Can you share that feedback? Having encountered the problem of willSet making @Published less useful, and see others encounter the same, such a limitation certainly seems ill advised. And as a general feature of Swift, it seems like we should err on the side of more flexibility, not less.


I'm not 100% sure I follow here as I couldn't play around with the current state of the project in any way. Are you still going to publish a package to toy around with, even if it's not based on macros yet?

Are you saying that it's not fixable for ObservableObject or is it not fixable for the proposed Observable? If this is going to be a general feature, I don't think we should force its defaults to align with the primary consumer such as SwiftUI. Instead it should provide the necessary tools for the consumer to opt-into the behavior it needs, but generally provide a greater and more common default. While filtering out duplicates is great, it should be opt-in not opt-out as we often want to catch every change, but only on a case by case basis to filter out duplicates (e.g. Void signals should not discard duplicates).

I apologize in advance in case I somehow misunderstood your point here.

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Edit: I think Foundation offers some observable API as Combine publishers. And its 1st import is Combine – if that means anything.

On that note: Would or could Foundation then migrate to this new and more native observer mechanism?

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I'm beginning to understand the necessity for a second solution, I'm just seeing all this also from the perspective of a newbie to the Swift world. How would I explain there are two different and relatively new observer mechanisms here? It's a bit unfortunate. With common sense (unbiased by expertise) you would expect that Combine will grow to serve also these new demands, that it will go open-source and x-platform, move to the standard library or expand and evolve in whatever way necessary ... I wish it was just named "SwiftUI View Model Observability Kit" haha :sweat_smile:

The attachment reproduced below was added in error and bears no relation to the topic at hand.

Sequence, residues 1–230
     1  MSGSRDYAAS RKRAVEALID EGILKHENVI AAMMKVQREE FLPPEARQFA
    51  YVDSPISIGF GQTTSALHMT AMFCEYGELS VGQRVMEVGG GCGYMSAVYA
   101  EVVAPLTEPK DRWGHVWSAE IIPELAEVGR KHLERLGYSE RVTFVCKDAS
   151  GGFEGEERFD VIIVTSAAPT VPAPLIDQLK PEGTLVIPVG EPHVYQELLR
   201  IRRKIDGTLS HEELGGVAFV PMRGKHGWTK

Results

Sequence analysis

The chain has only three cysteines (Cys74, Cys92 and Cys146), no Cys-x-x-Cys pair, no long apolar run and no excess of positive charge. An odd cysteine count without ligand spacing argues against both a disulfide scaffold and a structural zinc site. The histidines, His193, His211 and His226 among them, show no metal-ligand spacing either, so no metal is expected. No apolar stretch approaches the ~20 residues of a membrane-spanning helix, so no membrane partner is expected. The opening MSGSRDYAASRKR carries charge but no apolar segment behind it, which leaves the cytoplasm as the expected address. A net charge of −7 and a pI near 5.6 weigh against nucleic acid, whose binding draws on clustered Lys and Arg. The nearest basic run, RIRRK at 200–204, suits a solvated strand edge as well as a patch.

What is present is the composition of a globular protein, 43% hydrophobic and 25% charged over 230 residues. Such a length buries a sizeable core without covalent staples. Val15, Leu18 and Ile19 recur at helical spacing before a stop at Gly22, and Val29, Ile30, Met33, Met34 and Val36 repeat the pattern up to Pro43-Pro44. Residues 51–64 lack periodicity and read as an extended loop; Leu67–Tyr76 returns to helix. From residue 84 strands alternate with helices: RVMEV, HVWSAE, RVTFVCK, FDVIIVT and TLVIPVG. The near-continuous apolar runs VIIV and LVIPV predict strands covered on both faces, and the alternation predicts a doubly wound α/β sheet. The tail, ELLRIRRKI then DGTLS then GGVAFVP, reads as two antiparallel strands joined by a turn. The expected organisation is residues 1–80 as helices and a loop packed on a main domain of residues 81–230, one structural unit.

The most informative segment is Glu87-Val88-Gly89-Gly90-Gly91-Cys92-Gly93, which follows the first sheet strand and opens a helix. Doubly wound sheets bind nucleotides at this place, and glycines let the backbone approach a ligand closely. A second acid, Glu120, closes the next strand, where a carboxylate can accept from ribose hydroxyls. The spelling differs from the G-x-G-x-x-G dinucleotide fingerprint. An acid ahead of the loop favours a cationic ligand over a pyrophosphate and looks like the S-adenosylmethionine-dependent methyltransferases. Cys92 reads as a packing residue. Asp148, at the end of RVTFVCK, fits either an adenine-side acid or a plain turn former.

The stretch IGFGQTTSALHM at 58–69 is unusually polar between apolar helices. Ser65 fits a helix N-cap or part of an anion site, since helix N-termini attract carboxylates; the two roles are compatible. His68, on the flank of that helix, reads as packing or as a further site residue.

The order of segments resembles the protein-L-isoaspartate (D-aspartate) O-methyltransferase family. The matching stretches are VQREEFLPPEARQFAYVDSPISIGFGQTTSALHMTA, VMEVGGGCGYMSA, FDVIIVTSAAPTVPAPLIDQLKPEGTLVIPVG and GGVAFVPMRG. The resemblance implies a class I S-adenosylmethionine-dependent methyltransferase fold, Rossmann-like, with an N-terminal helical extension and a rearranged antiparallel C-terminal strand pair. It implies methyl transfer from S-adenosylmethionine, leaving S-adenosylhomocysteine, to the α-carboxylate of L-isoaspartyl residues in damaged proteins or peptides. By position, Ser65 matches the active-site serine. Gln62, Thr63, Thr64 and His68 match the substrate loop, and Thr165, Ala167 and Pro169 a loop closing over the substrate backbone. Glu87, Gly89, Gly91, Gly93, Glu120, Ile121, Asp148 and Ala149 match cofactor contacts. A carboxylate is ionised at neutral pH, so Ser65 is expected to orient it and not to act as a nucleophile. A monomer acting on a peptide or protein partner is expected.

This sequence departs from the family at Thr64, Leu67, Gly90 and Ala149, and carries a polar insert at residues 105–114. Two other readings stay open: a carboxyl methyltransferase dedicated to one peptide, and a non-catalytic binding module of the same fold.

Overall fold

But surely @State vars are only created once, and then managed by SwiftUI, independently of the lifetime of the ContentView? Isn't that the point?

No StateObject has a closure that it uses to generate the object once and lazily, on every re-creation of the view there is no new object spawned. State will spawn new value every single time the view is instantiated, throw it away when re-injecting the last value that corresponds the view‘s lifetime. Put a very heavy value into State and you will smash your performance every time that view needs to be instantiated.


There was a fair discussion of the problems people had with the willSet semantics of @Published in this thread.

That is a known issue and one in-which is definitely under consideration by the SwiftUI team to adjust in light of Observable. To how they will change it to account for it? That I don't know yet.

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In general, very happy to see progress. There have been some great points already brought up so I won't reiterate them. However, I am curious how the ObservedChanges sequence is going to work. Is this going to be a unicast AsyncSequence or a multicast one? Furthermore, is the iterator going to retain the object that gets observed?

ObservedChanges is intended to be unicast. The ObservedChanges and ObservedChanges.Iterator will only hold the Observable weakly. However if we decide to relax the requirements from AnyObject to include structures too that may have to change. Sadly it must have a way to remove the observer in case of cancellation; so we need some sort of back reference.